Ethnopharmacological relevance: Rhodiola rosea is commonly used in China and Tibet folk medicine for the treatment of high altitude sickness, anoxia and mountain malhypoxia.
Aim of study: Salidroside (SDS) is an active ingredient of Rhodiola rosea. This study attempted to examine the potential erythropoiesis-stimulating and anti-oxidative effect of SDS in TF-1 erythroblasts.
Materials and methods: The erythropoiesis-promoting effect was determined by treating human TF-1 cells, one of the popular in vitro models for studying erythropoiesis, with SDS in the presence and absence of erythropoietin (EPO) through the measurement of the expression of a series of erythroid markers such as glycophorin A (GPA), transferrin receptor (CD71) and hemoglobin (Hb). The potential protective effect of SDS against H(2)O(2)-induced apoptosis and its underlying mechanism in TF-1 erythroblasts were examined by flow cytometry and Western blot analysis.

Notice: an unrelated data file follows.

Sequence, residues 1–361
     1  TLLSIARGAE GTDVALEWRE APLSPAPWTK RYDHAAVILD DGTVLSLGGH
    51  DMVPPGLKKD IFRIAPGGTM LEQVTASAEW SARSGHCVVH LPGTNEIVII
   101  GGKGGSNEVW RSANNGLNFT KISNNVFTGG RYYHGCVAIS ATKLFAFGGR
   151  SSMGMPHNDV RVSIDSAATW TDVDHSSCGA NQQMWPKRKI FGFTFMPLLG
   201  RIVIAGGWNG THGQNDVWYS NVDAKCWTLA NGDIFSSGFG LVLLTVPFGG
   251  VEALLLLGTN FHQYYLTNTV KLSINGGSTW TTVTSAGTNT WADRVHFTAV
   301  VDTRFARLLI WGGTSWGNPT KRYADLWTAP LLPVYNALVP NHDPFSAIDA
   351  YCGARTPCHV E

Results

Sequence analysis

Results: SDS promotes erythropoiesis in the EPO-treated cells and it also reduces the number of apoptotic cells in TF-1 erythroblasts after H(2)O(2) treatment probably through the up-regulation of protective proteins thioredoxin-1 (Trx1) and glutathione peroxidase-1 (GPx1).
Conclusion: Our study provides evidence to explain the ethnopharmacological role of SDS and Rhodiola rosea in Chinese medicine. Our findings also support the use of SDS as an erythropoiesis-adjuvant agent to correct anemia and malhypoxia.
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